Nick Suzuki Scouting Report

From Dobber Hockey’s Peter Harling:

“Nick Suzuki is an undersized dynamic offensive player who uses his speed and playmaking ability to impact the game. While slightly undersized he is not shy to play physically and go to the net or dig for pucks in the corner. Suzuki thinks the game fast and has the hands and feet to match which makes him a projectable NHL player. Suzuki has a motor that won’t quit on plays and he is a reliable back checker as well, making him an effective two-way player.”

I spoke with Nick Suzuki’s head coach Ryan McGill to discuss Nick’s skill set, role and projection at the next level.

(interview continued below)

Nick Suzuki of the Owen Sound Attack. Photo by Terry Wilson / OHL Images.

Interview: Ryan McGill on Nick Suzuki

What did your scouts think of Nick Suzuki when you drafted him 14th overall in 2015?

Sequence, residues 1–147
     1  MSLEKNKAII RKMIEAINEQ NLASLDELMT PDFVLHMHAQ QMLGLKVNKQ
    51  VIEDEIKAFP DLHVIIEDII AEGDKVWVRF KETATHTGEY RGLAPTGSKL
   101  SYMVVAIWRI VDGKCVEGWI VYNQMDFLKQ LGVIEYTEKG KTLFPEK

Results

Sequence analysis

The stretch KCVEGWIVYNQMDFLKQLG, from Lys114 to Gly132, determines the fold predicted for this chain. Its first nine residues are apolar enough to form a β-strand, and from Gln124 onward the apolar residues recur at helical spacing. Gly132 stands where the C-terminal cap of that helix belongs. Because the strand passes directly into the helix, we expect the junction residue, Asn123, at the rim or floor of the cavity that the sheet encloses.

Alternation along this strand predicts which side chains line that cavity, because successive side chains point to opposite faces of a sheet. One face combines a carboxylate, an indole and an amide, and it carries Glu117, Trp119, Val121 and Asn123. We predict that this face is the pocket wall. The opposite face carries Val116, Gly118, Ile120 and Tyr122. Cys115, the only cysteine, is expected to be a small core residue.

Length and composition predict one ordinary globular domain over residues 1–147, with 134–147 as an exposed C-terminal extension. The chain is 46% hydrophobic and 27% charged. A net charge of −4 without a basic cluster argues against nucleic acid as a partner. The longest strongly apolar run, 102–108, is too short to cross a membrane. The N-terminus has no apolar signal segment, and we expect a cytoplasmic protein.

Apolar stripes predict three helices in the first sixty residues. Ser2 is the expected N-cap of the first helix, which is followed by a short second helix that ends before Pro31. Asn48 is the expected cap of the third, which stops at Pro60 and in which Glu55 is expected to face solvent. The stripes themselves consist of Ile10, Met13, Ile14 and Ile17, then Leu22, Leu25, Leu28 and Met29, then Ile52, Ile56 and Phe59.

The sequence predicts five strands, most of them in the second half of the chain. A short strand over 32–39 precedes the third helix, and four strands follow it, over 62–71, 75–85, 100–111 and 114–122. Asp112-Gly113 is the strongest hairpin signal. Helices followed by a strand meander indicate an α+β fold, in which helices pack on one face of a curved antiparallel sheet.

McGill: Well, our general manager Dale DeGray absolutely raved about him. At the time, I didn’t know the kids very well because that was going to be my first year coaching in Owen Sound. All [DeGray] said coming into training camp was that he was a smart player and obviously a first round pick. He thought he was lucky to get him at that number. For me, right from training camp until today, all he did was get better every day. Just a really, really special player that, at 16 years old, learned a lot about the league and played very well. I think he translated last year into this year and really dominated.

This year, he set a record for best plus/minus in Owen Sound’s team history. Do you put much stock into that, or is it more situational? 

McGill: He played in every situation. We gave up eleven short-handed goals, and we had the #1 power-play, so I put a little stock into the plus-minus because he plays in every situation. He scores a bunch of short-handed goals. Bottom line is, he’s a reliable player. He’s a guy that you look down the bench at and you know he’s your first choice to put on the ice whether you’re up a goal or down a goal.